Law of Segregation and Dominance – Mendel’s law
The principles or laws of “Heredity” were discovered by a monk named Gregor Mendel in the 19th century. He conducted his experiments involving hybridization experiments in garden peas. (Pisum Sativum) He cultivated and tested some 29000 pea plants. He measured only binary characteristics such as color, shape, and position of offspring, rather than quantitative characteristics. His method of data analysis and incorporation of huge sample size gave credibility to his data, which was then published in 1865. Mendel’s finding further provided a chance to other scientists to predict the expression of traits on the basis of mathematical probabilities.
- The Law of Segregation: The law states that when any individual produces gametes, the copies of a gene separate so that each gamete receives only one copy. Either of the alleles will be received by the gamete.
- The Law of Dominance: If there are two alleles coding for the same trait and one is dominant it will show up in the organism while the other won’t.
The law of segregation can be defined in a simple way as when the egg and sperm unite during fertilization, each contributes its allele, finally making the paired chromosome in offspring. It also means that allele pair present in egg and sperm separates or segregates during gamete formation, and randomly unite at fertilization. This phenomenon was later on proved when the meiotic cell division process was found. In meiosis, the paternal and maternal chromosomes get separated (according to the law of segregation) and the alleles with the hereditary character are segregated into two different gametes.
This law forms the first law out of the three Mendel’s law, as follows:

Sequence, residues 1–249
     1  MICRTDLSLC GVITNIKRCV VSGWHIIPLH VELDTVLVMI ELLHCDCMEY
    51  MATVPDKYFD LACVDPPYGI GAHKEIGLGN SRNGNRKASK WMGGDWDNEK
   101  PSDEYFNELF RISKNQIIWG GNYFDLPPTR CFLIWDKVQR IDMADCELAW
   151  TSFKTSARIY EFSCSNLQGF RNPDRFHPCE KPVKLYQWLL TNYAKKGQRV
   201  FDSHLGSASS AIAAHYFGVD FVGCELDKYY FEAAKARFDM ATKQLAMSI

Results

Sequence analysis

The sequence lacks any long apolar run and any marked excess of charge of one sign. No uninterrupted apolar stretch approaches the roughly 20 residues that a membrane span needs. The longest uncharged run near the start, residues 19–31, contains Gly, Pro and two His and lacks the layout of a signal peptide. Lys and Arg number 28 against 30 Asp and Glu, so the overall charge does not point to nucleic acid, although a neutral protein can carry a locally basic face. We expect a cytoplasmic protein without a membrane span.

- Mendel’s first law (the law of segregation) states that during the formation of reproductive cell (gametes), pairs of hereditary factors (genes) for a specific trait separate; so that offspring receive one factor from each parent.
- Mendel’s second law (the law of independent assortment) states that chance determines which factor for a particular trait is inherited.
- Mendel’s third law (also called the law of dominance) states that one of the factors for a pair of inherited traits will be dominant and the other recessive, unless both factors are recessive.
The law of dominance can be defined in a simple way as, when two homozygous individuals with one or more set different or contrasting characters are crossed, the characters that appear in first generation hybrid are dominant characters and those which do not appear in first generation characters are recessive characters. The dominant and recessive characters’ appearance in phenotype can be explained on the basis of enzymatic functions of the gene. The dominant genes are capable of producing or result in the formation of functional enzymes, whereas the recessive genes are not capable. These functional enzymes result in specific phenotype due to the presence of a dominant gene, whereas recessive genes fail to produce any specific phenotype. In the heterozygous condition also, dominant genes are able to express themselves, such that heterozygous and homozygous individuals have the same phenotype.
Mendel carried out his experiments on garden pea plants. He discovered that by crossing a white flower plant and a purple flower plant, the result was not a hybrid offspring. The offspring was purple-flowered and not the mix of two. He then derived the idea of heredity units, which he called ‘factors’, later on, known as genes. He also planted the theory that the factors are generally present as a pair in ordinary body cells, yet segregate during formation of sex cells. After segregation, the factor which is dominant gets expressed and the other has a recessive characteristic. Thus, during his crossing experiment, as stated above, he obtained purple flowers which hide the recessive genes of white flower. After that Mendel self-fertilized the first generation and obtained 3:1 ratio, this is how he proved that genes can be paired in 3 possible ways: AA, aa, Aa. [A] represents the dominant factor, and [a] represents the recessive factor.
- Combining all the Laws of Mendel and the theories proposed, the science of heredity becomes clearer. Mendel has clearly stated in his results that each individual has two factors for each trait, one from each parent. The factor which is dominant, its trait gets expressed.
- The two factors present in an individual may or may not be the same. If the factors are the same, the individual is called homozygous, and if the factors have different information, then the individual is called heterozygous.
- The alternative form of a factor is called allele. The genotype of an individual is determined due to the type of allele possessed by the individual, whereas the phenotype of an individual is determined by allele as well as by its environment.